As all general contractors are aware, problems often arise during the performance of a construction project with subcontractors or vendors who are improperly performing pursuant to the terms of their contract. The question becomes what is the best way to address these issues in order to contain them, and moreover, to ensure a smooth transition to replacement a contractor or vendor if necessary. This article shall give a brief overview of some steps that a contractor can take.
The first thing that a general contractor should be certain is that in the subcontract agreement contains clauses which clearly set forth the right to terminate a subcontractor. Two essential clauses that should be in a subcontract agreement are as follows. The first clause concerns the ability to terminate a subcontractor for cause. This means that a subcontractor may be terminated upon the presentation of proper notification to the subcontractor due to their failure to comply with the terms of the subcontract.
Equally important, however and perhaps more important, is the right to terminate a subcontractor for convenience. This clause typically allows a general contractor to terminate a subcontractor for any reason or simply for convenience. Under both of these clauses, however, it is suggested that notification in the form of hand delivery, certified mail, or other communication be presented to the subcontractor prior to their termination from the project, or simply advising them of the intent to terminate.
Prior to terminating a subcontractor for cause or for convenience, it is important that the general contractor carefully document the current status of the work of the subcontractor. Due to the availability of camera phones, this is often the best way to undertake such action. It is very easy to walk the project site and take detailed videos with a camera phone as to the issues with the subcontractor’s work.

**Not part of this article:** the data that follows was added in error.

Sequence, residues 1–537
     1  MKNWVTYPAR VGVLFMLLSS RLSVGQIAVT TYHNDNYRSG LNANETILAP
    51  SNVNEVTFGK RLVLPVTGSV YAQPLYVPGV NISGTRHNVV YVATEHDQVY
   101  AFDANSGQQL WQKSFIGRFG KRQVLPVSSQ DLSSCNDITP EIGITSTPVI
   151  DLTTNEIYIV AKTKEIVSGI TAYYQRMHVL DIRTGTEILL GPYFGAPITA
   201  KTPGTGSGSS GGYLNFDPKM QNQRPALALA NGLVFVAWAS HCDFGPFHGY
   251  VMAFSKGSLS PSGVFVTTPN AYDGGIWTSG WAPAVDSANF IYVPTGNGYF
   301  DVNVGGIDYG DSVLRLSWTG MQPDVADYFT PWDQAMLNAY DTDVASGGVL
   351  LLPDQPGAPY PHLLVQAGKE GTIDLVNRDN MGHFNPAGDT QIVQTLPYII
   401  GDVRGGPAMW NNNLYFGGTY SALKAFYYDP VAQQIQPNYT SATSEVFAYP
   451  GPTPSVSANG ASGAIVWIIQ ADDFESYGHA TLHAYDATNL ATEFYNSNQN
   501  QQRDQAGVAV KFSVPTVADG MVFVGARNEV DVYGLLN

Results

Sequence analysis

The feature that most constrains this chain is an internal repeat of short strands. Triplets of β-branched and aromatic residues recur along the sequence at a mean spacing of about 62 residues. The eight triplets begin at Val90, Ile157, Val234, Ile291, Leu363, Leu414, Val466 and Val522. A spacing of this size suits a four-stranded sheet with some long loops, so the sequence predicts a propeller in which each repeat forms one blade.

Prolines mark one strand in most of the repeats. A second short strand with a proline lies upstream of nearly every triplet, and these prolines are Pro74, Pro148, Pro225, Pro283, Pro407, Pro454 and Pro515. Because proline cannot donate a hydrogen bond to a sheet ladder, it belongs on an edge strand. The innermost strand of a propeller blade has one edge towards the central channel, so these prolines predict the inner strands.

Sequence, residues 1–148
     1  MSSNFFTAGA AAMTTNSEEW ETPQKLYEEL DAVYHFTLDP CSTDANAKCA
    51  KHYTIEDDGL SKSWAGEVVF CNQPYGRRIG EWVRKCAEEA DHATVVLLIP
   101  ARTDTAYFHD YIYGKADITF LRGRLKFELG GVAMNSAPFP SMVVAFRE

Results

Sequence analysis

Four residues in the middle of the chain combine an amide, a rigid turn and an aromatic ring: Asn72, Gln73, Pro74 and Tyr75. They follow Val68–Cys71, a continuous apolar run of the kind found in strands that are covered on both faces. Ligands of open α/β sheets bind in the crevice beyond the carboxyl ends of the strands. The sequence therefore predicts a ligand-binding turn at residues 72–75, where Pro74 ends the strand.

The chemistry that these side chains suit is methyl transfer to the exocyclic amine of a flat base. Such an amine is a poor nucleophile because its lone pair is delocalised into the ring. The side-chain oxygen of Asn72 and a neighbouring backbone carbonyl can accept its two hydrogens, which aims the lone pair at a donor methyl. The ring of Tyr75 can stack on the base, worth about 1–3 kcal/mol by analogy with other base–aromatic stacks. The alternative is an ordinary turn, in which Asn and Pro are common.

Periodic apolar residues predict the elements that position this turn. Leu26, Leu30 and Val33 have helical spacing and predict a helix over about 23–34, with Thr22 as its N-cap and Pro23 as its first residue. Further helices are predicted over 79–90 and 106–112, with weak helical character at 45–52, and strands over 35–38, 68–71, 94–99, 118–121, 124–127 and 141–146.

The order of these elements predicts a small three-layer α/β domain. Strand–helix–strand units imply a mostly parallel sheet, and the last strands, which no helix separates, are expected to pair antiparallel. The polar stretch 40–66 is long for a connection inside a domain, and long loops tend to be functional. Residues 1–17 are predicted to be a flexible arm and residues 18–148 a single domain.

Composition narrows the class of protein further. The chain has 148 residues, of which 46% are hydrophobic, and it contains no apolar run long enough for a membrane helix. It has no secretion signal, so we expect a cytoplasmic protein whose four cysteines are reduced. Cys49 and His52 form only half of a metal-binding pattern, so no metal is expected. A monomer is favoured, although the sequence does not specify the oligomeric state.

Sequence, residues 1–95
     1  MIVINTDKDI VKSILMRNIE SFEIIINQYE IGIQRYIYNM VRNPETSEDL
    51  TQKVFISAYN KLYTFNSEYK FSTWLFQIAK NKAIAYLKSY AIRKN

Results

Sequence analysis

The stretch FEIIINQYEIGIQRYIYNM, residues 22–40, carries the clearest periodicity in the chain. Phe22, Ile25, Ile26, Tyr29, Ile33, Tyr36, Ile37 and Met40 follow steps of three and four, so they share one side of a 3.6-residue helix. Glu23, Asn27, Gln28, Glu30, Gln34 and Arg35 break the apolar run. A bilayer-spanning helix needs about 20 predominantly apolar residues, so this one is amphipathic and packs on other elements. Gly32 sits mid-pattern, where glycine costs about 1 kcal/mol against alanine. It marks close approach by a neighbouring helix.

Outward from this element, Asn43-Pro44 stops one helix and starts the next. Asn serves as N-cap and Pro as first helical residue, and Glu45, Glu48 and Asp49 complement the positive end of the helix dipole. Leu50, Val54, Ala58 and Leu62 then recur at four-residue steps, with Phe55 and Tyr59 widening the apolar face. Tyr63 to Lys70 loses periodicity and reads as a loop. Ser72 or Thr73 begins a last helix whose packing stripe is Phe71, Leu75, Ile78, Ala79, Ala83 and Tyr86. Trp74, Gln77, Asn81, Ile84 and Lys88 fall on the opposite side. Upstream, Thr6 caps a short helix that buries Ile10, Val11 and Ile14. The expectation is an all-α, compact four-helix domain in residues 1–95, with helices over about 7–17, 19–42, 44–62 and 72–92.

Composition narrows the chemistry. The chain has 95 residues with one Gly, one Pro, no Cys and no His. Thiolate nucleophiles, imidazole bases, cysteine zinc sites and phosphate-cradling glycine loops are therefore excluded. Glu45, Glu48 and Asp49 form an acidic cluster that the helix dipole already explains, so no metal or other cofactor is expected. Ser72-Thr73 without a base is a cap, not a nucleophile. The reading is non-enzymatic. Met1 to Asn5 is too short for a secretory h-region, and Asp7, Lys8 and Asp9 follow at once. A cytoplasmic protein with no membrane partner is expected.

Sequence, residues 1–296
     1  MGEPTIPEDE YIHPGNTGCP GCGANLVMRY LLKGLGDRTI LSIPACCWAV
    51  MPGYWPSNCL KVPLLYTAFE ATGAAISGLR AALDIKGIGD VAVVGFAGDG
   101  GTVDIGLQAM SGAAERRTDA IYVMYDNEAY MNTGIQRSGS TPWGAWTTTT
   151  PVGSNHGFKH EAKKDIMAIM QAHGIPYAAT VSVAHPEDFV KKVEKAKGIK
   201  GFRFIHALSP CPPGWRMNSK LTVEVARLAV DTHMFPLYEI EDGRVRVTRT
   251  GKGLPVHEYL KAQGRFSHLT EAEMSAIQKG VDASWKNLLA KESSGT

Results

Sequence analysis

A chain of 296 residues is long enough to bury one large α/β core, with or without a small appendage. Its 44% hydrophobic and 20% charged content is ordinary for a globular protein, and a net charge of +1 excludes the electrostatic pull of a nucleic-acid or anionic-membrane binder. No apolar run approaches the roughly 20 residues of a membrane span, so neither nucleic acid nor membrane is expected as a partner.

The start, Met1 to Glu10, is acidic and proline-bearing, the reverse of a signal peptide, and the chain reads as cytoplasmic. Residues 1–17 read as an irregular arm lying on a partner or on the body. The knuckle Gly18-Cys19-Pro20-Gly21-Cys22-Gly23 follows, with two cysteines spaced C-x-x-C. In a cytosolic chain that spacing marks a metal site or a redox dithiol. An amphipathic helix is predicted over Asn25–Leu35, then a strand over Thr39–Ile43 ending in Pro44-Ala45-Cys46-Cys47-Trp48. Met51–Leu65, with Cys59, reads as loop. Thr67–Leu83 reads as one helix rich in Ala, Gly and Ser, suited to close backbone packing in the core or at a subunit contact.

Aside from the detailed videos, it is also suggested that a memorandum be prepared with regard to the issues with the contractor’s work, and furthermore, the suggested remediation of the work. All of this information should be presented directly to the subcontractor prior to terminating them either for cause or for convenience. If it is believed that the subcontractor may be able to correct the issues and more forward, it is in the interest of the general contractor to pursue that route.
On the other hand, if the subcontractor is simply incapable of remedying the issues, then the general contractor should use the videos and the paper documentation as the basis for a back charge to withhold any current or future payment which may be due the subcontractor.
Should a replacement contractor be hired, it is suggested that the subcontractor inspect the job site prior to the replacement contractor performing work so that any claim as to spoliation of evidence cannot be raised in the future.
If a contractor is having a difficult time with a subcontractor, it is suggested that they consult with an attorney. An attorney can help them document the above issues with the work and can provide the appropriate notification pursuant to the contract. The attorney can also guide them through the best way of terminating the subcontract and/or obtaining compliance from the subcontractor to complete the work.
Further, it is always suggested that any progress payments be strictly made in accordance with the contract and that the subcontractor not get out in front of you. The attorneys at Stark & Stark are well-versed in issues that a contractor may face with a subcontractor, and thus, are willing to consult with any subcontractor or general contractor.